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Viva Vijay!

"When the guy handing out the Metro was happier than I was, I knew there was something seriously wrong."

When my friend Vijay started his job at one of the top investment banks this summer, I was supportive because he was one of the three undergraduates I'd ever met for whom the finance world seemed to be a good place. The guy eats, sleeps, and breathes finance. During college, he'd regularly spend two hours studying the markets before he trekked to the day's first class meeting.

But he called me last night to tell me that after 4 weeks of training and 3 1/2 weeks on the job, he quit. That's right, he just quit.

I know what you're thinking.

"Nobody does that."

Yeah, that's what his peers said when they heard the news. They were blown away as much as I was. And suddenly, they saw him as their hero as much as I did.

You see, merely two hours after he sent the obligatory "I'm leaving to pursue other opportunities" e-mail to his group, he was out for dinner and drinks with his project team: a VP, an Associate, and two other analysts. And all he heard was their awestruck voices saying...

"Nobody does this."

"Wow. You have balls."

"Good for you."

"I totally understand."

At some point, Vijay politely interjected, attempting to qualify his decision and make clear that it was a decision about himself and not about the people with whom he worked. Something to the effect of...

"Investment banking -- it's just not me. But if that's what you want to do, what you like to do, then great."

He called out a colleague who, on the surface, seemed to be in love with the work and the firm on which he was building his career. "Chris, I mean, you like it, right? You should be doing it then. Totally. Go for it, man."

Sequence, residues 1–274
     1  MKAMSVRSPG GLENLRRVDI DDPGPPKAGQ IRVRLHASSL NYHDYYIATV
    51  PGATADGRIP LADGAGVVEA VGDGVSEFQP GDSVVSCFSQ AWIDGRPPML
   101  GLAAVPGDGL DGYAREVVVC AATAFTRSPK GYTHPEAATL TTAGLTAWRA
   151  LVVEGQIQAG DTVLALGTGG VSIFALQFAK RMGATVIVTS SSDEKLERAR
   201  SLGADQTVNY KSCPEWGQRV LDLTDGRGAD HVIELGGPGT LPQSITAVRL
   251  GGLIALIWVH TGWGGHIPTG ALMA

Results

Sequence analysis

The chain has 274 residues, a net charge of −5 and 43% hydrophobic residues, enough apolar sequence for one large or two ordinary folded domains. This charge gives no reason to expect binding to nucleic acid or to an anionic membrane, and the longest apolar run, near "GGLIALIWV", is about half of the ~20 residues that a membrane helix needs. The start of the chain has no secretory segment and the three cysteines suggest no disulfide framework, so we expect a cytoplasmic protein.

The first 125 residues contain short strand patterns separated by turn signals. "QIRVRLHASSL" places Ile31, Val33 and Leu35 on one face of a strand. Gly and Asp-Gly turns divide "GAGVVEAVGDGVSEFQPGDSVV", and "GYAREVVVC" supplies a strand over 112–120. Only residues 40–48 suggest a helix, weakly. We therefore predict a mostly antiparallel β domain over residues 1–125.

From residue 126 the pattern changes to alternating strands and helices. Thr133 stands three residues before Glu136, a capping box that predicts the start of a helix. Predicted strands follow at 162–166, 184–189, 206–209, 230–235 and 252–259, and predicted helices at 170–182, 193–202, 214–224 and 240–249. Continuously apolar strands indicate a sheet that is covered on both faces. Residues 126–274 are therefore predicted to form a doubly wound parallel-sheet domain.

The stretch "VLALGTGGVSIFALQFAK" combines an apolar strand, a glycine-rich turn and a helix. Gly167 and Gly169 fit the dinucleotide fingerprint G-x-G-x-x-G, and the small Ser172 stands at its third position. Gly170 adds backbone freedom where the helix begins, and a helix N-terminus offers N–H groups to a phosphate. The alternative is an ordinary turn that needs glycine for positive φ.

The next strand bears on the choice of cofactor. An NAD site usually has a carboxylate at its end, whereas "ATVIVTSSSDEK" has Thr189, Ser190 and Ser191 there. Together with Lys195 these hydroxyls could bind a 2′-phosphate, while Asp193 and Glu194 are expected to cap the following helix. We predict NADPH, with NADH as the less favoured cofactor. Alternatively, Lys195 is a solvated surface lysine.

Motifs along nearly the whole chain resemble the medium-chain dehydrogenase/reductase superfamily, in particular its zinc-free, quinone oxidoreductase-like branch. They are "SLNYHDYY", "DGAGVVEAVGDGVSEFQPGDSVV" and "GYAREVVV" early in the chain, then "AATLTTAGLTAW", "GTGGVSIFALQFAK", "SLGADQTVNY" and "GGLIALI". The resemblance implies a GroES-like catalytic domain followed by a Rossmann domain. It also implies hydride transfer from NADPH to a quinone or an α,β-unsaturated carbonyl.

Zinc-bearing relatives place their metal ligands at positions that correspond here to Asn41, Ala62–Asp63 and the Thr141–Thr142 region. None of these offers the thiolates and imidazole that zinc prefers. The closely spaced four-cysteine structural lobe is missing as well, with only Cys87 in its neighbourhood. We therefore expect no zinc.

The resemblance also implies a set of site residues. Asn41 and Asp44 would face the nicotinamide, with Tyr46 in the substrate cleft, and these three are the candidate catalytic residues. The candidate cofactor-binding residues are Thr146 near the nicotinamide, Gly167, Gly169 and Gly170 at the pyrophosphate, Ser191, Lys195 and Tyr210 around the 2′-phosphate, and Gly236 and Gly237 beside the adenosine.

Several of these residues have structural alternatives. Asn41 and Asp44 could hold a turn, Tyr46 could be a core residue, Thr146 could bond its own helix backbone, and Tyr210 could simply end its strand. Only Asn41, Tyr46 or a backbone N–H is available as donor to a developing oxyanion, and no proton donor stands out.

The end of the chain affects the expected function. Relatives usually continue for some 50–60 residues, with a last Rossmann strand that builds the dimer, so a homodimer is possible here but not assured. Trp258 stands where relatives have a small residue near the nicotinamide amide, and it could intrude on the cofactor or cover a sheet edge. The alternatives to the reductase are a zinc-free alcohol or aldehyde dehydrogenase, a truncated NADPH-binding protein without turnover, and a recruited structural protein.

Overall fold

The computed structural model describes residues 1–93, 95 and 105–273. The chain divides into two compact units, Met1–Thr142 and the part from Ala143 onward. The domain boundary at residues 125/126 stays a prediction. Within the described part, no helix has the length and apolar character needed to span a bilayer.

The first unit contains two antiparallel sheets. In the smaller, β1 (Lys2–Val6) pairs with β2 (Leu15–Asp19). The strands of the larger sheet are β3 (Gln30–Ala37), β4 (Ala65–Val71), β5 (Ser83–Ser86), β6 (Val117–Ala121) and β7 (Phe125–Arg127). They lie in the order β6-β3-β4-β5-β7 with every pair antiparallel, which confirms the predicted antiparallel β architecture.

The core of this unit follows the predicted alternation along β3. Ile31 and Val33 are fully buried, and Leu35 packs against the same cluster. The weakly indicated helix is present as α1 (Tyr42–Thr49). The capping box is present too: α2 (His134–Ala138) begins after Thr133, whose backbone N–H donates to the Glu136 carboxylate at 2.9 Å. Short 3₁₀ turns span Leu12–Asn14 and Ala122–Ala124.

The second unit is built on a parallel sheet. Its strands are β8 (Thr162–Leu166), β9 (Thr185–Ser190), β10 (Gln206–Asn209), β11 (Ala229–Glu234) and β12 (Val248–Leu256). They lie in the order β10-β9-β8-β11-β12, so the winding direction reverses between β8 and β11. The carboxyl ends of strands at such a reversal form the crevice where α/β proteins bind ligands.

But in that moment everyone was intoxicated by the honesty and truth and greatness of Vijay's uncommonly bold move. They had escaped from their professional sticks-up-their-butts inhibitions which guide too many decisions of what to do and what to say. And Chris said,...

"Actually, I don't know if I like it. I don't know how much longer I can take it."

Only time will tell whether Chris will be true to what he really wants and believes, whatever that might be. But Vijay, well, he's gone.

"It's just like you say, Ian. Life is too short to do stuff you don't like. Especially if you're lucky enough to have other options."

Wow. That from a guy with long-term political aspirations, who started in I-Banking, thinking that it would be worth it if he made enough money to set the stage for later being able to buy a way into politics. And after just 7 weeks, he says, "I just can't do this every day. Doesn't matter how much they pay."

No rest for the wicked: On Monday, Vijay starts at a former professor's real estate development firm, a private company that owns some of the most notable buildings in the world. He'll get similar wages, more work that turns him on, and a better chance to be as happy as the Metro guy.

Posted by Ian Ybarra on 27 August 2005


Anybody thinking "nobody does that" hasn't been around enough people to use words like "nobody" with a straight face.

Truth is, lots of people do that. Moreover, if you're _going_ to get out of a field, it's a lot easier to do it at the _beginning_ of your career, when you don't have as much mental effort invested in building it into your self-image.

Posted by: Matt at August 30, 2005 06:38 AM

Matt, I think we should qualify that _to Vijay_ this wasn't quite the beginning of his career. Sure, he had only 7 1/2 weeks in that job - but the kid had been eat-sleep-and-breathing finance for several years. Sounds like it very much was a part of his self-image at that point.

That said, I agree that the less time one has invested into a career, the easier (or at least, less difficult) it will seem to change. Ian, post it here if you come across any anecdotes of older folks making such a radical change!

Posted by: Greg at September 12, 2005 03:20 PM